As Tyler Levine’s college career was winding down, all he thought about was discovering a way to be a pitcher in professional baseball.
The East Meadow native was playing for Division III SUNY-Old Westbury, certainly respectable, but nowhere near a baseball hotbed.
“I started thinking, ‘What do I do [to continue my career],’ ” Levine recalled. “You ask people and a lot of them are telling you no.”
Maybe that’s why regardless of the situation he’s been asked to pitch in for the Ducks this season — whether it’s relief, long relief, or even an occasional start — Levin has the same answer: yes, yes and yes.
“Some of the names on our roster may ring a bell, but if you see my name it may not,” said Levine, who also works for Long Island Baseball in Bellmore. “One of the things I had to offer was ‘Whatever you need . . . I’ll be there.’ ”
Levine’s team-first outlook has earned him the respect of his fellow Ducks and the coaching staff.
“That’s the great attitude he has, and that’s one of the things we love about him,” Ducks manager Kevin Baez said. “He’s quiet but he has that attitude that when he takes the mound, he’s a fierce competitor.”
Levine has pitched in 17 games for the Ducks through Friday, including three starts. The 24-year-old righthander is 2-0 with a 4.41 ERA that jumped up from 3.26 after his toughest outing of the season Friday in the Ducks’ 8-7 loss at Bridgeport. The fourth-year pro went 4 1⁄3 innings and allowed six earned runs, six hits and four walks with three strikeouts. On the season, Levine has 23 strikeouts and 15 walks in 34 2⁄3 innings. The 5-11, 195-pounder throws first-pitch strikes at a 64.9 percent clip.
“My goal is to give my team the best opportunity to win,” he said. “If I’m not doing that, I have to say, ‘Where did I go wrong and what do I have to do to get better?’ ”
The fact that Levine has found his way into a career in professional baseball is nothing short of amazing considering the road he’s traveled.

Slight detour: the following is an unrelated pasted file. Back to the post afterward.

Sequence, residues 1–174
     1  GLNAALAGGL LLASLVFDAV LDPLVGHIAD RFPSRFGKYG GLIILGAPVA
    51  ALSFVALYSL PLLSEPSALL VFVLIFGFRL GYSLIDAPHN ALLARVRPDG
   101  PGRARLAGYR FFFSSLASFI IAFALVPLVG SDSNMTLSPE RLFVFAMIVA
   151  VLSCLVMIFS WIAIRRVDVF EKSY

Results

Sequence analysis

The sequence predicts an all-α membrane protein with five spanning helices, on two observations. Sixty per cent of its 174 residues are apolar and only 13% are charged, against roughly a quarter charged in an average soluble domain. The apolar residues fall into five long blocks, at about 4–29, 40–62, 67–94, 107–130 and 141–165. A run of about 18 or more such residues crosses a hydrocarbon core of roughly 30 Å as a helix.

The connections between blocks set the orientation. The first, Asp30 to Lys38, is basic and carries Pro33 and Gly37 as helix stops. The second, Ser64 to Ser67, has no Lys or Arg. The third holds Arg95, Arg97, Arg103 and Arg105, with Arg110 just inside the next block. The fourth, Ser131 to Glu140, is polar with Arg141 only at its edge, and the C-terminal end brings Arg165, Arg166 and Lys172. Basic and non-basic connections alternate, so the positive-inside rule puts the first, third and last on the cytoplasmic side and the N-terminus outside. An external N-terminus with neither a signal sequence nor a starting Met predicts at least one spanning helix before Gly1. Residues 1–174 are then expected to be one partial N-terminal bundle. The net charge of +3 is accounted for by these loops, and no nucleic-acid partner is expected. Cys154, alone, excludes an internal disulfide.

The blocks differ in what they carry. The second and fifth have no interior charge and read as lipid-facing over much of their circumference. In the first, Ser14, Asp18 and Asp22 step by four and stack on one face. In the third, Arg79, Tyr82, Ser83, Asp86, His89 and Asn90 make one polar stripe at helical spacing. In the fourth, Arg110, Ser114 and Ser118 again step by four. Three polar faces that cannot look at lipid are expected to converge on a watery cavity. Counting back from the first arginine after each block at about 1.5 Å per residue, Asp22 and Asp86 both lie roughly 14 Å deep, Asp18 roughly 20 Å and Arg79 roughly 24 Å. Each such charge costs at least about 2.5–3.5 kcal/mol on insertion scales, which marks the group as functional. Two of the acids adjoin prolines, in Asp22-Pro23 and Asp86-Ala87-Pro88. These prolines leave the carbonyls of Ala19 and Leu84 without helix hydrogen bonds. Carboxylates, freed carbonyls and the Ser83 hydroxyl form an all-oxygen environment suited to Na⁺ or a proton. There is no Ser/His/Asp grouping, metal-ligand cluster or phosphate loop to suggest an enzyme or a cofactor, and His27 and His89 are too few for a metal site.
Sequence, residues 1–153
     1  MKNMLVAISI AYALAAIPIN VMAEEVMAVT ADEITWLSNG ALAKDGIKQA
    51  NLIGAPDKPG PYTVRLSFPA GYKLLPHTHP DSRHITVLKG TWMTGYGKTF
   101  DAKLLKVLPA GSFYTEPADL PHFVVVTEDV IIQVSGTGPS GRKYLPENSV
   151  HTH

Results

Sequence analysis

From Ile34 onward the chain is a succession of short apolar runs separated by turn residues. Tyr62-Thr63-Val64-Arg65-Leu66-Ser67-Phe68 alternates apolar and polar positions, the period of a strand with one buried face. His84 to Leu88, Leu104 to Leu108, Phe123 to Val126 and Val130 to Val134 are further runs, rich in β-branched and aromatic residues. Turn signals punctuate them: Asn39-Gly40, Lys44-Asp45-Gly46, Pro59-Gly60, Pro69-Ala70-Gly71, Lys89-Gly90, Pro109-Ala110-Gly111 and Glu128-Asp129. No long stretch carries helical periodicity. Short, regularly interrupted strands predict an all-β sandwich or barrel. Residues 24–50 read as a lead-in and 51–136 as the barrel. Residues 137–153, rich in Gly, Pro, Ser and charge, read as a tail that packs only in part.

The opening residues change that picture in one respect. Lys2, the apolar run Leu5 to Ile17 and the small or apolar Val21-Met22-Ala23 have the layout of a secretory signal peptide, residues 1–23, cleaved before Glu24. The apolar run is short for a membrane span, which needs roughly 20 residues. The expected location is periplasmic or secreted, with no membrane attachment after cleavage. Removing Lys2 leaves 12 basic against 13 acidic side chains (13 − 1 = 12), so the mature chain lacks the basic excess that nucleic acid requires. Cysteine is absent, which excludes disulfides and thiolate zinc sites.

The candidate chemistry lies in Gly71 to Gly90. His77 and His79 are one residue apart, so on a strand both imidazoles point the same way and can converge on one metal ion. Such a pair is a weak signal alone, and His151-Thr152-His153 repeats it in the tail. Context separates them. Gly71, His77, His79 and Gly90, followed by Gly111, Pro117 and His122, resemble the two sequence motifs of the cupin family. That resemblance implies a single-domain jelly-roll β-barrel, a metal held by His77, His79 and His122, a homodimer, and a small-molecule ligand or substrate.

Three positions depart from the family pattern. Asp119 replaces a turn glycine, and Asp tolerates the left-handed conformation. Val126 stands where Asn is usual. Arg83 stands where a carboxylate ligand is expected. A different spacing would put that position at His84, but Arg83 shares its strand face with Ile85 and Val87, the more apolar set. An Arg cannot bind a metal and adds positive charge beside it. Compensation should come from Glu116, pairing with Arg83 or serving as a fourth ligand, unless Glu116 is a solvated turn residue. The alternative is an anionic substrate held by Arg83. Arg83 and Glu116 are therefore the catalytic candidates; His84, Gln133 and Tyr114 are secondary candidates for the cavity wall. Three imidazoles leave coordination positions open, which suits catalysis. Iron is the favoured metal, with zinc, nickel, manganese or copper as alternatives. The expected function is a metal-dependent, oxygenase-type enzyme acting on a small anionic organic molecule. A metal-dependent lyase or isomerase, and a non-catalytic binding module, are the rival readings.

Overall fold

Levine played two seasons on the varsity level at East Meadow High School, where he was a shortstop and pitcher. He went to SUNY-Old Westbury with the hope of playing both positions there, too. But a spot opened in the starting rotation and Levine went on to win the Skyline Conference Rookie of the Year award with a 4-1 record and a 3.12 ERA with 27 strikeouts and 12 walks in 49 innings.
However, a serious car accident slowed Levine, who pitched just 30 innings his final three seasons with no record.
Still, he found a way to make it to the now-defunct United League in 2014 with Brownsville, and the former North Country Baseball League (now the Empire Professional League) in 2015. Last season, he spent time with Joliet and later, Frontier League champ Evansville, and posted a combined 2.58 ERA with 40 strikeouts in 52 1⁄3 innings. Surprisingly, he was released on Feb. 1, but eventually found a home very close to his own backyard less than two weeks into the Ducks season.
Levine hopes his time in the Atlantic League leads him closer to his ultimate dream of playing in the majors. “I can show [people], ‘Hey, if you work hard enough your dreams can come true, and this is where you could be,’ ” Levine said. “It’s an unbelievable feeling. It really is.”
On Deck: Ducks at Bridgeport, 1:12 p.m. Sunday.